Around 10:30 pm, Ludendorff released Kahr and the others, who immediately returned to their offices, recalled their orders from the beer hall and called for reinforcements of the Reichswehr to march on Munich. By mid-morning on 9 November, Hitler realized that his putsch was not going to plan. Ludendorff decided to collect around 2,000 men and march, quite spontaneously. to the Bavarian Defence Ministry whereupon they met a force of 100 soldiers under the command of State Police Senior Lieutenant Baron Michael von Godin.
In front of the Feldherrnhalle, a gothic loggia built to remember the liberation wars of 1813, the two groups exchanged fire. Four state police officers and 16 Nazis were killed. Scheubner-Richter was shot in the lungs and killed instantly. He fell on Hitler and pulled a blood-splattered Nazi flag with him to the ground. This became the Blutfahne, the blood flag, later one of the most revered objects of the Nazi Party. Göring was shot in the groin but managed to limp away.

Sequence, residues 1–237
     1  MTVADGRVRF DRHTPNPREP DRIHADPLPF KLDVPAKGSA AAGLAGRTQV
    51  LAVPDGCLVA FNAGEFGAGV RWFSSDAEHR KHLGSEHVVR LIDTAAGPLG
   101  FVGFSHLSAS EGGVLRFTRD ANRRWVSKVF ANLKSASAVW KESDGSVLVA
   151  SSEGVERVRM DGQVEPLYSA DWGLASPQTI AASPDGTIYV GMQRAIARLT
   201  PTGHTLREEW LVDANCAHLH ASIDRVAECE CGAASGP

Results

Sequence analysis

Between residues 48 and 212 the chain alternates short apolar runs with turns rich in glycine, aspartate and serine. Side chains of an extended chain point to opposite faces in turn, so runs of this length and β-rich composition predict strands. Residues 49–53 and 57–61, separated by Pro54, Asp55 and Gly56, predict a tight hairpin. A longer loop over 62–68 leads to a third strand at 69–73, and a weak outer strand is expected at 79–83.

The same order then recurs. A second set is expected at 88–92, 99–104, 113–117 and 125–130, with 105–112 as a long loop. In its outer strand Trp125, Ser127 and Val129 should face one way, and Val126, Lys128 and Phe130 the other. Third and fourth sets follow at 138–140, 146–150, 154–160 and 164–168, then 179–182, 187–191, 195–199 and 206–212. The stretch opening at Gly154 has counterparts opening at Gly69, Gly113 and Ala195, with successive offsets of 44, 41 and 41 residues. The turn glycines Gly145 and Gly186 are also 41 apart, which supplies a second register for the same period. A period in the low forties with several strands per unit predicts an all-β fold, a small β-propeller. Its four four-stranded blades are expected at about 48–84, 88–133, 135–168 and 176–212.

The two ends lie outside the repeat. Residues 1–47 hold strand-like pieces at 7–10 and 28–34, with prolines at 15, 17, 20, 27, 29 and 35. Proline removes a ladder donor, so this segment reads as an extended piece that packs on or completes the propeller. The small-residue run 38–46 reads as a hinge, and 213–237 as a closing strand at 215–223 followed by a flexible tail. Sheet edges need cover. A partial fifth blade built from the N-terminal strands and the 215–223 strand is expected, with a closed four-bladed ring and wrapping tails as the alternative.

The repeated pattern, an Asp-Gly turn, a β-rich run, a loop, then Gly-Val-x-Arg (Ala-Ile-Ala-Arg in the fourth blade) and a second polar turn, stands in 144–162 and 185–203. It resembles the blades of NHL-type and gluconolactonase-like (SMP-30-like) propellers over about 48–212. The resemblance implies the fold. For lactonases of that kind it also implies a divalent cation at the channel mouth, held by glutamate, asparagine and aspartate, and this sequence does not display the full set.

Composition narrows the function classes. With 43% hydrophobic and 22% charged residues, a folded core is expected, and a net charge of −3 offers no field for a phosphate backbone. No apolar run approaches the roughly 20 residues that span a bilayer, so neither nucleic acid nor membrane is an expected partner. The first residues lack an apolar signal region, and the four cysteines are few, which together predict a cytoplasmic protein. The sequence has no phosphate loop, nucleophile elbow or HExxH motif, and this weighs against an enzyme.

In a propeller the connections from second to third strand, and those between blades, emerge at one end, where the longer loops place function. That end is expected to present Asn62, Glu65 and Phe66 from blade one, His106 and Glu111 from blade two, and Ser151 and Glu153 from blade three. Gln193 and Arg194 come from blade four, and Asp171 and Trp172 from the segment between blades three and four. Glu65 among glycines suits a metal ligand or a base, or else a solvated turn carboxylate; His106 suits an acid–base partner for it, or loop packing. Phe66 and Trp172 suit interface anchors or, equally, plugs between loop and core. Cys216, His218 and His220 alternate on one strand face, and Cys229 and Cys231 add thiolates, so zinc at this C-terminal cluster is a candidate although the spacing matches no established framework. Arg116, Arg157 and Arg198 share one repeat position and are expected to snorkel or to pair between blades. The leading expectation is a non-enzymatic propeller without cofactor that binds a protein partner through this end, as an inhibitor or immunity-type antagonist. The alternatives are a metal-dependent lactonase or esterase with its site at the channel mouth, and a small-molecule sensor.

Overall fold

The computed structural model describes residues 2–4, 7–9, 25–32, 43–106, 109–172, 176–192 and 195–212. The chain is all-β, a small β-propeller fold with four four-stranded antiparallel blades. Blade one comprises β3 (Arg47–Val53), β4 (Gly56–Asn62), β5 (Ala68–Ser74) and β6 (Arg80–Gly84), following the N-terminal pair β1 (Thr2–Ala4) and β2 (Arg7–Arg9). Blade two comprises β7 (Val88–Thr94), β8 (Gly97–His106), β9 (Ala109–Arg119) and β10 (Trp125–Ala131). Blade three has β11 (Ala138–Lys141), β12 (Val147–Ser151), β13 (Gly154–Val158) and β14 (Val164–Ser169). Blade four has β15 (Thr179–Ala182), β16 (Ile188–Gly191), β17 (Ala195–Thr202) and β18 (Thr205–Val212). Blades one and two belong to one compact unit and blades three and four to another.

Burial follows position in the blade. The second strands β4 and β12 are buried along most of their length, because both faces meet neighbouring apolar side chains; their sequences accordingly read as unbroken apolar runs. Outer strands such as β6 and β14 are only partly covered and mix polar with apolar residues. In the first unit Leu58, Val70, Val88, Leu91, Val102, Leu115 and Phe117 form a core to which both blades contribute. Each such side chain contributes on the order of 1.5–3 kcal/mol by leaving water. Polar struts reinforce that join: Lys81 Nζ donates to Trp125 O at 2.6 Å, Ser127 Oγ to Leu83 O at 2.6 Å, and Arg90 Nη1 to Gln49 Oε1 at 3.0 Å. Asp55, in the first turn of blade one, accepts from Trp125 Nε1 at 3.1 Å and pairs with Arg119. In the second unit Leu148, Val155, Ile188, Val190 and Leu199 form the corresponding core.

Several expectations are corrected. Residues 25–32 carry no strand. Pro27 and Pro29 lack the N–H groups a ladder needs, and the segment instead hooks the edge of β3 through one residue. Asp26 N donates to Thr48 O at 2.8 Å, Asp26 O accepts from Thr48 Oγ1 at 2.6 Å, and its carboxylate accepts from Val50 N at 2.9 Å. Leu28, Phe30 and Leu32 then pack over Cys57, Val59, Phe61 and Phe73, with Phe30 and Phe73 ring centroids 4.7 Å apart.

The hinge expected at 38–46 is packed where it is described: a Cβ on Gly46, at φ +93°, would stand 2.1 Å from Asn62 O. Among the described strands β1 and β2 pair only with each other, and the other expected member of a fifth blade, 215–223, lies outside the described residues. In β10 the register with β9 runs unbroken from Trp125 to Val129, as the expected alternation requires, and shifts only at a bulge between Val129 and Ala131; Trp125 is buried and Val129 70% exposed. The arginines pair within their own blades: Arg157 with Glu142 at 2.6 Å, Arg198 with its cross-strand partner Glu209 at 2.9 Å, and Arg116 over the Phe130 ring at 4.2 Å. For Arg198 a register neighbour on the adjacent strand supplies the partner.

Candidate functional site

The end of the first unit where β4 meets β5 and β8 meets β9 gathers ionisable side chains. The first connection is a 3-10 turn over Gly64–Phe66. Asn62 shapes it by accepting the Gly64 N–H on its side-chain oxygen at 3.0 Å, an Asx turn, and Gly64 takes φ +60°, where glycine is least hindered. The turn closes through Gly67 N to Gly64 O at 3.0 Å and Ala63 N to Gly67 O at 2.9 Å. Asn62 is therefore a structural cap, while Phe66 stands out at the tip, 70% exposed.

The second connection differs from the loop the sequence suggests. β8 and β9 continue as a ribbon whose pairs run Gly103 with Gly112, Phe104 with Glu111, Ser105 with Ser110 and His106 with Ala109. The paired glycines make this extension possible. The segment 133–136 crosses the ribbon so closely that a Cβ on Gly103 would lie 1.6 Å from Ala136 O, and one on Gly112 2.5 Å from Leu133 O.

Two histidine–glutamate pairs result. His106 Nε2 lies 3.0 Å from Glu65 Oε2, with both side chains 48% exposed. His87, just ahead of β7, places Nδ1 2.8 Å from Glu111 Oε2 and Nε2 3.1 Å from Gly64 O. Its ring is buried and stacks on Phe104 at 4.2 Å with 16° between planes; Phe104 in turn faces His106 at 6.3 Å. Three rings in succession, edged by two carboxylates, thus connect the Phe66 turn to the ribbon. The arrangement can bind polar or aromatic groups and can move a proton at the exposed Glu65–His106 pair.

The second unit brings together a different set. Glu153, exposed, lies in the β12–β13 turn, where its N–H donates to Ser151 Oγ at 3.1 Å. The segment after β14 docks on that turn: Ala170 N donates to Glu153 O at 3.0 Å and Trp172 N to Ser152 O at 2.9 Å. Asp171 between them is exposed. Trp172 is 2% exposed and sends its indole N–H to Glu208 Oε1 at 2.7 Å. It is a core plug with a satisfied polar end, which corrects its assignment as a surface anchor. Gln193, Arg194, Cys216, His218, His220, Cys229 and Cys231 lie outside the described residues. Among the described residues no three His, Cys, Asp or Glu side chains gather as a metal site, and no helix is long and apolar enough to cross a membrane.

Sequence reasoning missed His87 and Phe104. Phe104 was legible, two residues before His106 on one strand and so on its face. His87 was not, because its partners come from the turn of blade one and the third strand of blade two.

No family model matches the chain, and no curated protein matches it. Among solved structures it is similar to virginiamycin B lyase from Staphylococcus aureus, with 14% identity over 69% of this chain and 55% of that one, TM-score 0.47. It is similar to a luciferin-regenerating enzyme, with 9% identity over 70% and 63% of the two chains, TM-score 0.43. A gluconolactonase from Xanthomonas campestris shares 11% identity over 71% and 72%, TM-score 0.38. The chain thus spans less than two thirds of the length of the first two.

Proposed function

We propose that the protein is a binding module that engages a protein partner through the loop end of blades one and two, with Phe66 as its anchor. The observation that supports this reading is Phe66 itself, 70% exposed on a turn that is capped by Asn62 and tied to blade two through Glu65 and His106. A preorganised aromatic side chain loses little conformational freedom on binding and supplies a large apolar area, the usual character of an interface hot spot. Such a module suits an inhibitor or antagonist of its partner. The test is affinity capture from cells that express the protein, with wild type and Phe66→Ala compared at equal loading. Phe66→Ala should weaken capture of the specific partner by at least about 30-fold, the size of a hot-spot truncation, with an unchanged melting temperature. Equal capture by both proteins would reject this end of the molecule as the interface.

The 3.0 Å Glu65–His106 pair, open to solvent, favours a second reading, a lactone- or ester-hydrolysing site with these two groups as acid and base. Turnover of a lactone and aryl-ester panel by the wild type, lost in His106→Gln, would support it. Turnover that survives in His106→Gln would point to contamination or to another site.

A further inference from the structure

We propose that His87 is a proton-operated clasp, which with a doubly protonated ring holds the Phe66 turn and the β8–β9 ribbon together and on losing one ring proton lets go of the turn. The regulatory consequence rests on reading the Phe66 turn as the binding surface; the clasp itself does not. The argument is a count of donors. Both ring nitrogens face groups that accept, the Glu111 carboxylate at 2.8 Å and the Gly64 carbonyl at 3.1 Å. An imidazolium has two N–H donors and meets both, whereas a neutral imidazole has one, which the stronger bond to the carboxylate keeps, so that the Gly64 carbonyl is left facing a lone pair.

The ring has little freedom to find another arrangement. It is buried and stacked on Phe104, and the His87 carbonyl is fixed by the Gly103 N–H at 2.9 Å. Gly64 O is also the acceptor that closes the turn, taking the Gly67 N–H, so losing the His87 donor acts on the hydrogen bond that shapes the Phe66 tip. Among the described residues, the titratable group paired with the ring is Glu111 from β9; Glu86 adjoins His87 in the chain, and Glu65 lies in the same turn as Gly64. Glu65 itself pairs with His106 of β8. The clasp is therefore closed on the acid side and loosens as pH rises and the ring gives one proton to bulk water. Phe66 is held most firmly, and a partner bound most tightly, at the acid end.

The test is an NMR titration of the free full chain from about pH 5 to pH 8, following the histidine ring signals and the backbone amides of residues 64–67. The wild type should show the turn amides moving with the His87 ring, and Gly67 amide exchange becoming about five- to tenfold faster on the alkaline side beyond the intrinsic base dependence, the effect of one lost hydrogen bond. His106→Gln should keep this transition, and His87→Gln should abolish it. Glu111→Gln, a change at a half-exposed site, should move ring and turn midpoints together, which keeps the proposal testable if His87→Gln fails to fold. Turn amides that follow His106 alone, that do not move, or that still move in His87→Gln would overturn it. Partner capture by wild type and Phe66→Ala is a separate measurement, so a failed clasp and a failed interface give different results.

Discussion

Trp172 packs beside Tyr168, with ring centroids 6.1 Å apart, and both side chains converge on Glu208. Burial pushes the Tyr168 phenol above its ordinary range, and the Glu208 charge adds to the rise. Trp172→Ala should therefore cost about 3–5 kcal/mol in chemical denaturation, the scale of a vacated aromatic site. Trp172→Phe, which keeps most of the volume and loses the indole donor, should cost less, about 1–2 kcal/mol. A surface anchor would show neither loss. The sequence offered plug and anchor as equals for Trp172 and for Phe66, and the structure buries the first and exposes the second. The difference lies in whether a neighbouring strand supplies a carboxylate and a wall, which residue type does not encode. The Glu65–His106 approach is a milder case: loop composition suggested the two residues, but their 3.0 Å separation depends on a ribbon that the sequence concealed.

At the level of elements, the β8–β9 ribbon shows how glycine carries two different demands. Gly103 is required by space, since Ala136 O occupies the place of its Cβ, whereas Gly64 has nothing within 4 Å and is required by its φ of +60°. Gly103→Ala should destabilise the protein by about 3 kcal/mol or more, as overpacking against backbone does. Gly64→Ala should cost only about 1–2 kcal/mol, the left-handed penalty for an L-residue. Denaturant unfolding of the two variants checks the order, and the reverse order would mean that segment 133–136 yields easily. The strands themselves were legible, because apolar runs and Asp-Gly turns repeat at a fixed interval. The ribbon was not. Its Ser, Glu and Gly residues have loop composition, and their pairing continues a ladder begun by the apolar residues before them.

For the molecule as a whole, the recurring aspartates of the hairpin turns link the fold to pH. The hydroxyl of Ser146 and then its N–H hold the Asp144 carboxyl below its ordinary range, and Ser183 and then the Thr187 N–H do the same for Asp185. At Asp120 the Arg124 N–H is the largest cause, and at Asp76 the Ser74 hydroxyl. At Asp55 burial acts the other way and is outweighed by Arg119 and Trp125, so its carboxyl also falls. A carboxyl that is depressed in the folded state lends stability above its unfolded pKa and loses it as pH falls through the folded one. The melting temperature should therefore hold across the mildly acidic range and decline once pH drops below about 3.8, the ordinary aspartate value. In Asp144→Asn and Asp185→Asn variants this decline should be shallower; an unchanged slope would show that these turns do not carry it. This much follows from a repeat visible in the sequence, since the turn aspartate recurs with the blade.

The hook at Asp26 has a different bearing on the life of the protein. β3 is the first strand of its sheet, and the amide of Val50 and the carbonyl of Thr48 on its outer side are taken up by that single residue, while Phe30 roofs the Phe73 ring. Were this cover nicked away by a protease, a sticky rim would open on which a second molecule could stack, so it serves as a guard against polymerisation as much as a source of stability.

The rest of the Nazis also scattered or were arrested. Hitler was arrested two days later, after hiding in a friends attic. The conspirators were charged with treason, and after a 24-day trial, Hitler and Hess were sentenced to five years in Landsberg fortress. Ludendorff was acquitted.
After having served only nine months, Hitler was released. He had used his time in prison to write Mein Kampf, the outline of his political program. The other outcome of the putsch was his decision to change party tactics and the furthering of Nazi propaganda. Hitler decided that he would never come to power by armed force and that he would have to use constitutional means instead.
The 16 killed Nazis were regarded as ‘blood martyrs’ of the party and mentioned by Hitler in the foreword of Mein Kampf. Shortly after he came to power, a memorial was placed at the south side of the Feldherrnhalle crowned with a swastika. The bodies of the fallen were later interned in a so-called Ehrentempel (honour temple), nearby.
The Weimar Republic lived for another ten years. Erich Ludendorff died in 1937, after witnessing the installment of Adolf Hitler first as chancellor and then the ‘leader’ of all Germans. In 1945, after the downfall of the Hitler and destruction of his 1000-year plans, the Allies removed the bodies from the honour temple and destroyed the building. Today, a commemorative plaque in the pavement in front of the Feldherrenhalle contains the names of the four Bavarian policemen who died here fighting the Nazis.